We definitely seem to have far better instrumentation now than throughout history. There’s a lot of variables to this though that should be considered. The expansion of our understanding of the world isn’t exactly linear. The common thinking is obviously that somewhere around 7-10,000 years ago, agriculture began and that started a domino effect that eventually produced iPhones and Nike Sneakers. Prior to that, we toiled as hunter gatherers for hundreds of thousands of years. A lot of people never really stop to acknowledge the fact that - hunter gatherers never went anywhere. The aboriginal lineage amongst others is unbroken from prehistory. The world around the indigenous ungulates in its ability to manipulate the physical world. And yet, they continue on. A true linear progression would preclude their demise, to then give rise to a “more advanced” civilization. But they’re just chillin. A technological plateau that spans countless thousands of years. It’s not a straight line, it’s moving in every direction simultaneously. I’m constantly seeing evidence of us getting better than we’ve ever been and worse than we’ve ever been and different than we’ve ever been - at the same exact time. And in some cases there’s no change at all. There are definitely things we understand now, that people of the past knew nothing of. And conversely, I’m certain that there are aspects of the universe that in the distant past were in a way easier (for some) to perceive.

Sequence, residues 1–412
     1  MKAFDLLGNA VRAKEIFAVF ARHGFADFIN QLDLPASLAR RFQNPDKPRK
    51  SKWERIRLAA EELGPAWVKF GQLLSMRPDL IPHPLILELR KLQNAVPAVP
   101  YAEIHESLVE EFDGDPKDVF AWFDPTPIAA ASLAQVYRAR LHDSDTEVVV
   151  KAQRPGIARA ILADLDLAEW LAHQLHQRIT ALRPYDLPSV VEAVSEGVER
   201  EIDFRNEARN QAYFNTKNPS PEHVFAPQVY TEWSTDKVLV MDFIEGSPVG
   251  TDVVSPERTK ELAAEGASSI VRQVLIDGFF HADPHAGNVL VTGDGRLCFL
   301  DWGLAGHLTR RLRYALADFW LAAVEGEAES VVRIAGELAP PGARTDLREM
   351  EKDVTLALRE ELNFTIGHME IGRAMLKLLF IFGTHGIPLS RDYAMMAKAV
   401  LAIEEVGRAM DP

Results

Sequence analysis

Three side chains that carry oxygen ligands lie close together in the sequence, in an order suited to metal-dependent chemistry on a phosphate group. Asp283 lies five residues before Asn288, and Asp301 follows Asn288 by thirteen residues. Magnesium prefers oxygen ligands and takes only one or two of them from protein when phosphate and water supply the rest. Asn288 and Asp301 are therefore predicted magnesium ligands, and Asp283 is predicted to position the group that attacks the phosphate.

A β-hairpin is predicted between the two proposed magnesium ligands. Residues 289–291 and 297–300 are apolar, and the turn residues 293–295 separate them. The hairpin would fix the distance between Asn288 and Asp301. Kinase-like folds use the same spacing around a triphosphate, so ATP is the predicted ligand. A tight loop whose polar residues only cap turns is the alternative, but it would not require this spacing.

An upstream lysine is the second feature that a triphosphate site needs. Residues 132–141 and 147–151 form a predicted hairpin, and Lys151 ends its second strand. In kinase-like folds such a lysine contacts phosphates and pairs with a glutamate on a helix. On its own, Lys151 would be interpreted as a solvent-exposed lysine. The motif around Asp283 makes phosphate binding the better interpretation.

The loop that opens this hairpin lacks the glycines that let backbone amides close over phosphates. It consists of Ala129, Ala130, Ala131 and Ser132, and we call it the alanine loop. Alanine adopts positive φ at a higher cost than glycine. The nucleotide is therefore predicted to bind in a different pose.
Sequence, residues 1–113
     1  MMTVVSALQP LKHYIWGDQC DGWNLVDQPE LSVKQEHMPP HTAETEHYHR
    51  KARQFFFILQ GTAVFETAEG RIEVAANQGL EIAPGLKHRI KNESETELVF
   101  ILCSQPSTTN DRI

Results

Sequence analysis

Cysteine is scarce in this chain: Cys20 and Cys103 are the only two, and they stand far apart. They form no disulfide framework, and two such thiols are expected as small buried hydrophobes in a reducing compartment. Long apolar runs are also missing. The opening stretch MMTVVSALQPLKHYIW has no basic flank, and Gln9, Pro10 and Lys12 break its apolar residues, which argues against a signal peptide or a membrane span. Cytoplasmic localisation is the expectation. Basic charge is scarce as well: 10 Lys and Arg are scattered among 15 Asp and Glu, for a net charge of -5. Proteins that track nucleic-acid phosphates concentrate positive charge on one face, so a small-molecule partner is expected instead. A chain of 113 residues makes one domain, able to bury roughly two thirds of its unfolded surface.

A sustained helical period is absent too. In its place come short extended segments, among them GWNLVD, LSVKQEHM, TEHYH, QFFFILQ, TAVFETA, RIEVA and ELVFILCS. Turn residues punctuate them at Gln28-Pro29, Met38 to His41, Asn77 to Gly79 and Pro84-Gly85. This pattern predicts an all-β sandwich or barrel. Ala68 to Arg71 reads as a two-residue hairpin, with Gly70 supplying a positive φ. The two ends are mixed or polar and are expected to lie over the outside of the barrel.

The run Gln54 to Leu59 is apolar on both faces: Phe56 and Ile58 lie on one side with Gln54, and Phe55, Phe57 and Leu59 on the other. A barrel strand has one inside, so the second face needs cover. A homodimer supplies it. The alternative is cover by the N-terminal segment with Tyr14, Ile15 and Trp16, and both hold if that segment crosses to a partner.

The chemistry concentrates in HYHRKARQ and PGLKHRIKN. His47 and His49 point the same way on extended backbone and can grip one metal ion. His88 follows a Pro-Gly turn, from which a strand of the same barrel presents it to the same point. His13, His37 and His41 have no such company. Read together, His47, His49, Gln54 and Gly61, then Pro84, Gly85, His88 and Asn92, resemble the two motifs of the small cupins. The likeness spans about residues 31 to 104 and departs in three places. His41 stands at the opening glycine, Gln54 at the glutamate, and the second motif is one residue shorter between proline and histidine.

Annnnnd back to aliens..